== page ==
The abatement of the OLA by the Financial CHOICE Act carries the risk that, as in the case of Lehman Brothers, the unordered insolvency of an investment bank can lead the financial system to collapse. This would also lead to a loss of European banks through the global interconnections of the banks.
Abatement of the Volcker rule
The Financial CHOICE Act will abolish the Volcker rule, which restricts the financing of proprietary trading with insured deposits and for banks with access to the Federal Reserve’s discount window.
The Volcker rule can be seen very critically. On the one hand, the banks’ proprietary trading is not exactly distinguishable from trading on behalf of customers. This would be the case if, in preparation for a customer order to hedge price fluctuations, a bank initially acts on its own account. On the other hand, the Volcker rule does not distinguish between proprietary trading and market-making activities.
Through the abatement of the Volcker rule there is the risk that trading from the EU could shift to the then possibly less regulated US.
Reducing consumer protection
The Financial CHOICE Act abates the Fiduciary Rule, which obliges providers of pension products to work in the best interest of the customer. The Fiduciary Rule is not part of Dodd-Frank, but it was decided at the same time. In addition, the Financial CHOICE Act will limit the independence of the Consumer Financial Protection Bureau (CFPB), which will be restructured. The CFPB will be prohibited to publish any consumer complaints about financial products or the suppliers of these products.
Although the reduction of consumer protection can improve household access to financial products, it must also be taken into account that, in the pre-crisis period, the lack of consumer protection in the US stimulated the lending to households with low credit ratings, which contributed to the emergence of the US real estate bubble.
The Financial CHOICE Act lacks system view
The Financial CHOICE Act may be conclusive in some respects from the micro-prudential point of view. However, it neglects the macroprudential view. Even though the Dodd-Frank Act was not perfect in all respects, it represents a framework that can mitigate systemic risks.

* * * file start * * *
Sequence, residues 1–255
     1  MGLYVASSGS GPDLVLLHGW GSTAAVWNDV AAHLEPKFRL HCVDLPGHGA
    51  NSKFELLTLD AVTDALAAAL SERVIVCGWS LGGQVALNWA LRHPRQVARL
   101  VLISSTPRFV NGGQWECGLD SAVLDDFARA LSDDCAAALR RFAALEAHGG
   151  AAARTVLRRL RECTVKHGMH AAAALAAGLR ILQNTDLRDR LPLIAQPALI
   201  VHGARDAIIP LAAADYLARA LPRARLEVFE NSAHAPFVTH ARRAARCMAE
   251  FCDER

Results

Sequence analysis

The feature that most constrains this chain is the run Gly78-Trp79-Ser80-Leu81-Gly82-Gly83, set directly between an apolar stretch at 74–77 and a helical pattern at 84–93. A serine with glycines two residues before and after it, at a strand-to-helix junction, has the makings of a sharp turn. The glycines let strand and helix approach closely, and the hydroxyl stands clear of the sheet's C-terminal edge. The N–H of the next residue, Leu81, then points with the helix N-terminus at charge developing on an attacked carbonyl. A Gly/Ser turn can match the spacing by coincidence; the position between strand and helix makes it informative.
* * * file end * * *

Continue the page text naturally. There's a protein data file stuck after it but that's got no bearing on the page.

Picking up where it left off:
The fact that financial market regulation is adjusted from time to time is normal. Some regulations are no longer up-to-date because they are based on obsolete technical standards or because they are too loosely or too strictly defined. Instead of rolling back Dodd-Frank, Democrats and Republicans would have better strived for improving the disadvantages of the Dodd-Frank Act without sacrificing its advantages over the pre-crisis regulatory framework.
This article originally appeared at the LSE Business Review.
Note: This article gives the views of the author, and not the position of USAPP – American Politics and Policy, nor of the London School of Economics.
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About the author
Markus Demary – Cologne Institute for Economic Research
Markus Demary is senior economist in the research unit financial and real estate markets at the Cologne Institute for Economic Research (Institut der deutschen Wirtschaft Köln). He studied economics at the Rheinische Friedrich-Wilhelms-Universität Bonn and he holds a doctoral degree from the Christian-Albrechts-Universität zu Kiel. He is also a lecturer in Behavioural Finance at Ulm University.